Yesterday, Yahoo! News placed an excerpt from my book, Most Good, Least Harm, (that had been posted awhile earlier by Simon & Schuster under the title “10 Easy Ways to Become a Better Person”) on their front page. I found this out when my and the Institute for Humane Education’s websites got a surprisingly large number of hits, and when I started receiving hate mail.
The excerpt was from the end of Most Good, Least Harm in a section which offered a short summation about how to make choices that do the most good and least harm to oneself, other people, animals and the environment. The section was titled, “10 Principles for MOGO Living,” (MOGO being short for doing the most good and the least harm).
Personally, I would never have chosen the new title, “10 Easy Ways to Become a Better Person” for a number of reasons. First, I don’t teach about being a better person; I teach about making choices that do more good and less harm to ourselves and others. Second, the 10 principles are about choices that create a better world rather than better people. But despite the fact that the title could have been off-putting for a list about making MOGO choices, it was hard to believe the staggering outpouring of vitriol that followed. I have never been called so many names before, by people who know nothing about me other than from a short excerpt, taken out of context and given a misleading title, from a book I wrote that is meant to offer people ways to make their lives more meaningful while contributing to a healthier, more just, and more humane world.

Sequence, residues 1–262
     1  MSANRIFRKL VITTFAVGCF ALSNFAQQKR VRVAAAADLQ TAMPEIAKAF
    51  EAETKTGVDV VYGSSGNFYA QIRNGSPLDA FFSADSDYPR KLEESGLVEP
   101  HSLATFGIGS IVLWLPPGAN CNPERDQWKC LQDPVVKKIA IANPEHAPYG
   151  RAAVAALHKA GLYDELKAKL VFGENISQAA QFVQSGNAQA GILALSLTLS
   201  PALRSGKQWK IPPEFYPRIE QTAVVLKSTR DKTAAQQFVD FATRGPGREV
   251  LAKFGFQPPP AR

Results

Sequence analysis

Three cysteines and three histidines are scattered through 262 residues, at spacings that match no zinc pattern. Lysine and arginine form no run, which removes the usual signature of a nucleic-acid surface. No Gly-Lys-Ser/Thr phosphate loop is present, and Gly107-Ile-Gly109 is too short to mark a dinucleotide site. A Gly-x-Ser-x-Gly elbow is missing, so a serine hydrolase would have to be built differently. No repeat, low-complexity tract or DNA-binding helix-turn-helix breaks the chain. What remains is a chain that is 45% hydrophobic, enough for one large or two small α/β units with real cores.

The irony was that I’d already written a post for today. It was a short piece with links to several newspaper articles, one of which was the Wall Street Journal’s recent excerpt of Amy Chua’s new book, Battle Hymn of the Tiger Mother, which elicited massive amounts of hate mail itself. I’d read that excerpt, and I, too, felt hostile toward Amy Chua. Now I know better than to judge Amy Chua by an excerpt. I pulled my blog post and wrote this instead.
It can be satisfying to vent our anger, especially from the safety of our computer keyboards, but it is damaging, not just to the recipients of our anger, but to all of us. When we fail to dig into information deeply and explore thoroughly, and when our discourse becomes crass and cruel, we close doors to understanding and learning.
I’ve learned from this experience to be ever more careful about my responses to what I read in the news, and to try, ever more diligently, to be kind.
Zoe Weil, President, Institute for Humane Education
Author of Most Good, Least Harm and Above All, Be Kind
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